They met Seavey in 2015 at the Iditarod while helping with another dog team. “Guiding has helped push me to want that dream even more of running dogs and doing the Iditarod and being a vet to help them more,” Chloe said.
The Beattys have even started a student Veterinary Club on campus, and their hobby has become part of team culture. The word “onby,” which mushers shout to their dogs as they prepare to pass another team, is used to remind the Blue Devils the importance of the team concept.
“What happens when a sled dog team has one dog that is lying down, another biting the ankles of the one in front of them and one running in the opposite direction? Is that sled dog team as efficient and successful as the other teams that choose to work together? Our team of 18 beautiful people led by Chloe and Carlie are choosing to work together in 2023,” gymnastics Coach Becky Beaulieu said.
Hooked on the sport
Beaulieu recruited the sisters from the Classic Gymnastics Club in Minnesota. They have been in gymnastics since age 3 and also played soccer while growing up. The family has four horses, and Carlie has competed in dressage competitions.
Their interest in sled dogs began in second grade when their teacher gave them the book about the sport, “Born to Pull.” Then came a sled dog ride with a musher up north in Ely, Minn., near where their family has a cabin on a lake.
“We loved the ride. We’ve been doing it ever since,” Carlie said.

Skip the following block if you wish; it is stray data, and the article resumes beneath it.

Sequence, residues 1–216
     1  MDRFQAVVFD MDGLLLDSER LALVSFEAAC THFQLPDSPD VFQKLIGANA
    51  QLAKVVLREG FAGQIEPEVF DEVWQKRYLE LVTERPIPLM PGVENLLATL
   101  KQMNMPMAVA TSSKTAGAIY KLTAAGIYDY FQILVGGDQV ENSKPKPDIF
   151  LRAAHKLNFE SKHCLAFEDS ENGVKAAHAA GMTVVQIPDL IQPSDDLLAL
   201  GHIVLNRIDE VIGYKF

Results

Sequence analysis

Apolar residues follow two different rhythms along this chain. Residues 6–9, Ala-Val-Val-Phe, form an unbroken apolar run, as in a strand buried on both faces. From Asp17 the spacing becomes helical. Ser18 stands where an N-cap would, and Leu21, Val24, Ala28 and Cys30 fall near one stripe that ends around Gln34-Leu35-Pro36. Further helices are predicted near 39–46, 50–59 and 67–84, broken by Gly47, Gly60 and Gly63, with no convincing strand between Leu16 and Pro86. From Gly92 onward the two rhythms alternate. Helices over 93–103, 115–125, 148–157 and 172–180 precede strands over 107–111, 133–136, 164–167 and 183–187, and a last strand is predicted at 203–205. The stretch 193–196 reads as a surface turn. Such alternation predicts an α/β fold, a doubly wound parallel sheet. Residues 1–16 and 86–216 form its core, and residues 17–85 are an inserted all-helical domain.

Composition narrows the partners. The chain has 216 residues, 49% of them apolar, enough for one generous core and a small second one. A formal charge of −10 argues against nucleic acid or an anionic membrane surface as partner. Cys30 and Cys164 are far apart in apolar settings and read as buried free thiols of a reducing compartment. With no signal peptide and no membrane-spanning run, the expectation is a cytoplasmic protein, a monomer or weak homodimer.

Ely, near the vast Boundary Waters Canoe Area and Gunflint Trail, is a hot spot for mushing in the Upper Midwest. The sisters take their eager teams on training runs through the wilderness into Canada.
This winter, Chloe has done overnight winter camping and mushing trips by herself and with her parents into the BWCA, crossing frozen lakes and following canoe portage and sled dog routes. “You can mush to places you can’t get to on foot, where other people have never been before,” Carlie said.
Their dogs are Alaskan huskies, a working dog mix of Siberian husky, pointer, chow and many other breeds. Because of their fitness and high quality diet, they can live to be 18.
“We may be gymnasts, but they’re the true athletes,” Chloe said.
The sisters have become ambassadors as well, speaking at schools and giving rides to help keep the sport alive. “It used to be a form of transportation, and a lot of people don’t know it’s still around, Being a guide, you get to educate people on these amazing dogs and athletes,” Chloe said.